Cuban exile leader returns to work for democracy

 

Cuban exile Eloy GutierrezMenoyo, a former comrade in arms of President Fidel Castro whobroke with his revolution, said today he had returned toCuba to work for democratic reforms on the communist-runisland.

"I return to work for a legal space for the opposition fromwhich we can build a future based on pluralism andcohabitation," said the former guerrilla leader, who spent 22years in prison for rebelling against Castro.

Menoyo, 68, was on a visit to Cuba with his family andannounced his decision to stay in Cuba at the airport as hisfamily departed for Miami, where he has lived in exile since1984.

There was no immediate reaction from Castro's government onwhether it would allow the prominent exile to stay in Cuba.

Menoyo, who met with Castro in 1995 in a bid to overcometheir differences, said the time had come to press for thelegalization of opposition groups in Cuba and work for a wayout of the country's political paralysis and economic crisis.

Cuba's one-party system does not allow opposition politicalgroups. In March, Castro launched a crackdown on a growingdissident movement and jailed 75 dissidents.

Menoyo, who has been allowed back to Cuba several times forfamily visits, said Castro had isolated the Caribbean island.

"You cannot join globalization with a country that only hasone political party. There has to be a legal space and that iswhat we demand for the opposition," he told foreign reporters.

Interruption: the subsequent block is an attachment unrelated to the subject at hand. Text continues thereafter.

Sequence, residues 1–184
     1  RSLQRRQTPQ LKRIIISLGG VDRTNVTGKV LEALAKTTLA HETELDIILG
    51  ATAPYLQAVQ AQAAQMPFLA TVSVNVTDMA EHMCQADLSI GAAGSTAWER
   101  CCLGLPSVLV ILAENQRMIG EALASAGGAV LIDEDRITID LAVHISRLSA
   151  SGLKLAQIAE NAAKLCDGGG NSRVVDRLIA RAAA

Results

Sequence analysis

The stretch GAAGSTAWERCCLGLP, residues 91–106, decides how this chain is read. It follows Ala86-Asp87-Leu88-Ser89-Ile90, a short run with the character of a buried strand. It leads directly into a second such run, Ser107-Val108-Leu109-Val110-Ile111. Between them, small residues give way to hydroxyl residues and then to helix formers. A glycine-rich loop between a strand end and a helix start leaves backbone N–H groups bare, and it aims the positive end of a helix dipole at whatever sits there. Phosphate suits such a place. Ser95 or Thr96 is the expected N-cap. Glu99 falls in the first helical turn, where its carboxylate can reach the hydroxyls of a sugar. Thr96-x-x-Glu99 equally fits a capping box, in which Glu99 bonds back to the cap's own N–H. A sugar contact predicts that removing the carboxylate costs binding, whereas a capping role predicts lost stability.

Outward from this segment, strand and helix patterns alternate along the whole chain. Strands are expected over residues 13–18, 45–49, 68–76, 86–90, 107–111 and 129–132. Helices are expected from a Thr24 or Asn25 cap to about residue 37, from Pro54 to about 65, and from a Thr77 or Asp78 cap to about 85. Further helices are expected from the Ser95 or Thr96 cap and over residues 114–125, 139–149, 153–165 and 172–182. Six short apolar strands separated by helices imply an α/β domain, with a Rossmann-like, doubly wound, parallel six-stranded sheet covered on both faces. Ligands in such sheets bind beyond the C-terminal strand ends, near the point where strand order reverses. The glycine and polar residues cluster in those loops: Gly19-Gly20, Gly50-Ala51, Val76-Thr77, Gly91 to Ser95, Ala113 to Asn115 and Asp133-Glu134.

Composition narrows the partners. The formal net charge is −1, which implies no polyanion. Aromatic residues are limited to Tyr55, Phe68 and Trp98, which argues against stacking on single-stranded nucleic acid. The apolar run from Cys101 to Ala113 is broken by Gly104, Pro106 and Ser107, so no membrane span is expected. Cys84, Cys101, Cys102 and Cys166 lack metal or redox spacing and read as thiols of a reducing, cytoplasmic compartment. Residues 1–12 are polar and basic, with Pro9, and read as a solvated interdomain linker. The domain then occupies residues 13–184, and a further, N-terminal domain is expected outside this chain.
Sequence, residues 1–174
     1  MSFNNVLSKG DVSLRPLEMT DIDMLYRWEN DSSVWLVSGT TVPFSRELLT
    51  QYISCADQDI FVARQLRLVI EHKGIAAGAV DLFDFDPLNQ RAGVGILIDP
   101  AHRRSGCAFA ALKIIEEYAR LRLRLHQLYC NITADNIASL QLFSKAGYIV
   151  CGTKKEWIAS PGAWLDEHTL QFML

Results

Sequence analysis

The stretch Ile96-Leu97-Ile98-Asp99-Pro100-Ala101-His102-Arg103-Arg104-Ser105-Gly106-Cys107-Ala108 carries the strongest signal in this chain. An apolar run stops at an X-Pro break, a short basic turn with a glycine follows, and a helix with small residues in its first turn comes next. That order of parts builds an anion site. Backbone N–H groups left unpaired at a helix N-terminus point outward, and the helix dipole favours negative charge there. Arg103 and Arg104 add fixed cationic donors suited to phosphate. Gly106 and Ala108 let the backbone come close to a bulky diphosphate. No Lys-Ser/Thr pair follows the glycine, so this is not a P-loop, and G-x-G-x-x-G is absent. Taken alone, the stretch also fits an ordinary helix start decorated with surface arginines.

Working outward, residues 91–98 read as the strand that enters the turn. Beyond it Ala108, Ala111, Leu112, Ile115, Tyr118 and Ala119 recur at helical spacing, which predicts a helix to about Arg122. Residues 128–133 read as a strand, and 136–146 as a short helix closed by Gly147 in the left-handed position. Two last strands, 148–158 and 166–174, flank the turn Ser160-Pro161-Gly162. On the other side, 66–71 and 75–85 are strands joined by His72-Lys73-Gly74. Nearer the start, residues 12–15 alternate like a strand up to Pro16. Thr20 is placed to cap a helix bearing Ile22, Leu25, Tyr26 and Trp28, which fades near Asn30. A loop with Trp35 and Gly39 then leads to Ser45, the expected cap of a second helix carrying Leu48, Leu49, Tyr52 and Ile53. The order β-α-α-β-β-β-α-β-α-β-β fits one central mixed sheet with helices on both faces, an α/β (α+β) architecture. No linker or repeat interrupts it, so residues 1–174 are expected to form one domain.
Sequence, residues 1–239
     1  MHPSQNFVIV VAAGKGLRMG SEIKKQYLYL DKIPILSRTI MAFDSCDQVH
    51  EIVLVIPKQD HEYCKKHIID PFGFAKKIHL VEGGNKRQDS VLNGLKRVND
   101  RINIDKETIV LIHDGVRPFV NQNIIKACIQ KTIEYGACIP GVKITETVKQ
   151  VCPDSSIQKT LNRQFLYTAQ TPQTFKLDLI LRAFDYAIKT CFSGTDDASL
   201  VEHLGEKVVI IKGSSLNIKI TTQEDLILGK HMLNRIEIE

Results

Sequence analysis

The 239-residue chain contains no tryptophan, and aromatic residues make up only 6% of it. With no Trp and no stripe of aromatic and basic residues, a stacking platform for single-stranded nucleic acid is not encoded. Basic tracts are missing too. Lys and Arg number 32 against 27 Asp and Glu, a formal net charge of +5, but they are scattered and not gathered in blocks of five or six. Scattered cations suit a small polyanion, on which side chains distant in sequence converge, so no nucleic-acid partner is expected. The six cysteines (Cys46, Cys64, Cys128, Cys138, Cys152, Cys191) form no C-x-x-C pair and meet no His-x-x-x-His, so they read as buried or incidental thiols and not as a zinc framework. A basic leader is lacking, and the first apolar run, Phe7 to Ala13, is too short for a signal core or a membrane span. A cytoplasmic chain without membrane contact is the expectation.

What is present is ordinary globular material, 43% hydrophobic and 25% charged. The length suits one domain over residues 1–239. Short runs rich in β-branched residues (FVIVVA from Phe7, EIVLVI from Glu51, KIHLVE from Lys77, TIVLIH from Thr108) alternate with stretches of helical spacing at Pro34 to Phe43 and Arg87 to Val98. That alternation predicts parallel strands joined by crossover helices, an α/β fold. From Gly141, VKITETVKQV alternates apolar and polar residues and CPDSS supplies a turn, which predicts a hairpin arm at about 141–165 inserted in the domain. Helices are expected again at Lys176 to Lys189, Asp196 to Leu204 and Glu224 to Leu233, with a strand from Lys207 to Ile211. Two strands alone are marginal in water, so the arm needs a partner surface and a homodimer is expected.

Menoyo led the second front of Castro's guerrilla movementin the Escambray Mountains of central Cuba against dictatorFulgencio Batista, earning him the title of commander of therevolution that triumphed in 1959.

But he later fell out with Castro, left for exile in Miamiand helped form an armed anti-Castro group called Alpha 66,leading an unsuccessful landing in eastern Cuba in 1964. He wascaptured and jailed for 22 years.

Since his release in 1984, Menoyo has been an advocate ofreconciliation and moderate reform in Cuba, and an opponent ofthe US economic embargo against Cuba.

"Everyone says Fidel will never allow it. We believe that acountry that accepted the circulation of the dollar and foreigninvestment against its will, may have to accept democratizationeven though it does not want that at all," he said.

Menoyo, a social democrat who heads an exile group inMiami, said he had decided to act because waiting for Cuba toevolve away from communism could take decades.

"For me today is the start of a road to a new revolution,"he said.